Introduction to computational biology through an informatic exploration of the human genome. Topics include: genome sequencing (technologies, assembly, personalized sequencing); functional landscape (genes, gene regulation, repeats, RNA genes, epigenetics); genome evolution (comparative genomics, ultraconservation, co-option). Additional topics may include population genetics, personalized genomics, and ancient DNA. Course includes primers on molecular biology, the UCSC Genome Browser, and text processing languages.
There are no biological or computational prerequisites for CS273a. While there are no official prerequisites, a background in programming is strongly encouraged. Optional introductory sections on molecular biology, text processing in UNIX, and the UCSC Genome Browser will be given early in the quarter (see schedule below).
This course is cross-listed within Developmental Biology and Biomedical Informatics as DBIO273A and BIOMEDIN273A, respectively.
Mon Wed 1:30pm-2:50pm in Clark Center S361. EXCEPTION: The lecture on October 05 is going to be in Beckman B302.
As a Stanford student you also have free access to many biomedical journals. In order to be granted access to them while you are off-campus you simply need to add ".laneproxy.stanford.edu" to the main URL and enter your Stanford credentials upon request (for example http://www.somejournal.com/other/stuff would become http://www.somejournal.com.laneproxy.stanford.edu/other/stuff).
The following book can be used as a general reference to the biological topics discussed in class: Human Molecular Genetics, 4th edition. The course may also use material from Genomes, Browsers and Databases: Data-Mining Tools for Integrated Genomic Databases.
Office: Clark Center S266
Office hours: Email for appointment
Phone: (650) 723-3334
Office: Beckman Center B321
Office hours: Email for appointment
Phone: (650) 723-7666
Office: Beckman B383
Office hours: Thursdays 2-4pm (Beckman B383) starting on 10/08
Office: Beckman B381
Office hours: Tuesdays 10am-12pm (Beckman B302) starting on 10/06
All course communication will be handled via Piazza. Find our class page at Piazza and enroll to receive announcements and access to other private course resources.
Homeworks. Throughout the class there will be two homework assignments, due at the beginning of class on their due dates. Three late days are awarded for the quarter. Once these late days are used up, homework turned in late will be penalized 20% per late day. The number of late days used is rounded up to the nearest day, so assignments turned in one hour late use one full late day. Late days cannot be applied to the project milestone or final project presentation.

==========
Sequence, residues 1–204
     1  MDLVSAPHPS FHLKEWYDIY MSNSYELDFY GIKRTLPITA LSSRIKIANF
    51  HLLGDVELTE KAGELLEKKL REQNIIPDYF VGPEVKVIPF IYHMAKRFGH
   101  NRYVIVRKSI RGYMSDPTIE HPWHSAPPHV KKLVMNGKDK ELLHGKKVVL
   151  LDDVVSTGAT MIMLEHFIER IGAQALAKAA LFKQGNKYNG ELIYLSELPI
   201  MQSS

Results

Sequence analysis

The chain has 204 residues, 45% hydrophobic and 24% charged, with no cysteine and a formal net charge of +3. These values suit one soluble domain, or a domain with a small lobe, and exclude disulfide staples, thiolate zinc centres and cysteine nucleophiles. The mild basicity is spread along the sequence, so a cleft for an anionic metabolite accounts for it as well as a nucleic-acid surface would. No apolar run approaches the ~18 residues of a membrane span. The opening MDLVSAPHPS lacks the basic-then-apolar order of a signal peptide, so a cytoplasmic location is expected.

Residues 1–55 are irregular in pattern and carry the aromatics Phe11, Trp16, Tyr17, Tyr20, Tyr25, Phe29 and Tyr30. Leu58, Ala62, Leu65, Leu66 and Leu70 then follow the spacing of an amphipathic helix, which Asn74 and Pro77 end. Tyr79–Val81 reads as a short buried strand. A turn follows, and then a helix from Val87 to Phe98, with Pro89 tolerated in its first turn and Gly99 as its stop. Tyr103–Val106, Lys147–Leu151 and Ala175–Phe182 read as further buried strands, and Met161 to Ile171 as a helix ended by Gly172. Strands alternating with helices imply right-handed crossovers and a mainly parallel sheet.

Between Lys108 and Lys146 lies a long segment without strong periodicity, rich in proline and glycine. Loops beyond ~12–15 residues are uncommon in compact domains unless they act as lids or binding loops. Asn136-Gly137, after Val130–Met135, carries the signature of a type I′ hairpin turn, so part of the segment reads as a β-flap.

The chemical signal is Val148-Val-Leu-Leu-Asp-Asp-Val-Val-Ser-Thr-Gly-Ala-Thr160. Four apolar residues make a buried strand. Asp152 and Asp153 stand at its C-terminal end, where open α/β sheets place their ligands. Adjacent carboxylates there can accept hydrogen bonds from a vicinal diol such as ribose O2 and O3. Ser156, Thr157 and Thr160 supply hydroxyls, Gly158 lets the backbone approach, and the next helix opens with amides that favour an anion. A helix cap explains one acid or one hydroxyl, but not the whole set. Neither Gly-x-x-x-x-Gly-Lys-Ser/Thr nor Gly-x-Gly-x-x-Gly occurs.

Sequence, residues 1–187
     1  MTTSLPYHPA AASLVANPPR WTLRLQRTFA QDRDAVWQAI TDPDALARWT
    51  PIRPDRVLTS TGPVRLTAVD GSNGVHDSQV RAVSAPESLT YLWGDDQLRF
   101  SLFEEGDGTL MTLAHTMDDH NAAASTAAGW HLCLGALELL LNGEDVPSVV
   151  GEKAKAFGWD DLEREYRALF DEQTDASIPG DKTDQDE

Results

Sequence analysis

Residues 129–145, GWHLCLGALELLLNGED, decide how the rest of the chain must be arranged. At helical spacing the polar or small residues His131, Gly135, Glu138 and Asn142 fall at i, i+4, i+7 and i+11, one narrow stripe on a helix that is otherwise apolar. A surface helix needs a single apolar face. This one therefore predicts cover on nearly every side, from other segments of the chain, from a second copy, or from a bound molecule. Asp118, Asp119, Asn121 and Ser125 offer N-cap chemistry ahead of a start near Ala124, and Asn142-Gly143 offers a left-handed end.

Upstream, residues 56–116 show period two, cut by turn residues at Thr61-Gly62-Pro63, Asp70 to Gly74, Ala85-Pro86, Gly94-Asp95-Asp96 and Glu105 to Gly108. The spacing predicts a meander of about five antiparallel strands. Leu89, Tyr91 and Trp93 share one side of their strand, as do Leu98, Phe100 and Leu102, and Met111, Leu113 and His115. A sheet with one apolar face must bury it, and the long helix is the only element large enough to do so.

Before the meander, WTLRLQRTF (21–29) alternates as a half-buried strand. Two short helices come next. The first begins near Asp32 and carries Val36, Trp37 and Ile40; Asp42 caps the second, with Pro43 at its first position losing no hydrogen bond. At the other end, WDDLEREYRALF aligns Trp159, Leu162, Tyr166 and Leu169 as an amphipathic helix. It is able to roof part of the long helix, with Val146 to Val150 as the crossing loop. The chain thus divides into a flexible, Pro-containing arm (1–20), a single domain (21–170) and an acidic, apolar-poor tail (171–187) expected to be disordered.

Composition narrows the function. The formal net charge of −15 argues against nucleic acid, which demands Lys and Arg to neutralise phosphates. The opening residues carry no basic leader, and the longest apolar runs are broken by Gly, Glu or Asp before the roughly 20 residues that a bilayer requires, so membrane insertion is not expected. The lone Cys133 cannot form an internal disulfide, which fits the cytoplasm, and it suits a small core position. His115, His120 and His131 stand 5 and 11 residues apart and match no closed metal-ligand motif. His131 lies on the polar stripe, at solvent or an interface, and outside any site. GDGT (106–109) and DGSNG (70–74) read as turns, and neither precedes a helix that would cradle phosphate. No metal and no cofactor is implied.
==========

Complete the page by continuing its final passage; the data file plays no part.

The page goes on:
A link to frequently asked questions about each homework will be created on the schedule and updated as questions come in, so refresh and check the FAQ to see if your question has been addressed already.
Because we reuse some problem set questions from previous years' homeworks, looking at previous years' solution sets is not permitted and is an honor code violation.
Students may discuss homework problems in groups. However, each student must write down the solutions independently, and without referring to written notes from the joint session. In other words, each student must understand the solution well enough in order to reconstruct it by him/herself. In addition, each student should write on the problem set the set of people with whom s/he collaborated.
Project. Students will form groups, and each group will be assigned an individual project. Instead of a final exam, at the end of the class there will be a poster session where the groups will present their work.
Attendance. For this class, attendance is mandatory. You may miss up to 2 lectures without affecting your grade, with consideration given if you are not feeling well.
The base course directory is located at /afs/ir.stanford.edu/class/cs273a, and is reachable from the cardinal and corn machines. Source tree executables are available within the bin directory, and are machine-dependent. If you add "/afs/ir.stanford.edu/class/cs273a/bin/@sys" to your PATH variable, the correct version of the executable will be executed.
|9/25||Introductory Biology Primer (!! Beckman B302 !!)||10/2||Introduction to Text Processing (!! Beckman B302 !!)|
|10/9||UCSC Genome Browser Tools (!! Beckman B302 !!)|
|2||9/23||Gill: Protein Coding Genes|
|3||9/28||Gill: Non Coding Genes|
|4||9/30||Serafim: DNA Sequencing I||HW1 Out|
|5||10/05||Serafim: DNA Sequencing II|
|6||10/07||Gill: Genes Enrichment, Gene Regulation I|
|7||10/12||Gill: Gene Regulation II|
|8||10/14||Serafim: Human Population Genomics I|
|9||10/19||Serafim: Human Population Genomics II||HW2 Out|
|10||10/21||Serafim: Human Population Genomics III|
|11||10/26||Gill: Neutral Evolution: Repetitive Elements|
|12||10/28||Gill: Inferring Evolution: Chains & Nets|
|13||11/02||Serafim: Multiple Sequence Alignment|
|14||11/04||Serafim: Cancer Sequencing|
|15||11/09||Serafim: Cancer Sequencing|
|17||11/16||Serafim: Cancer Sequencing II|
|18||11/18||Serafim: Cancer Sequencing II|
|20||12/02||PROJECT PRESENTATIONS (!! Beckman B302 !!)|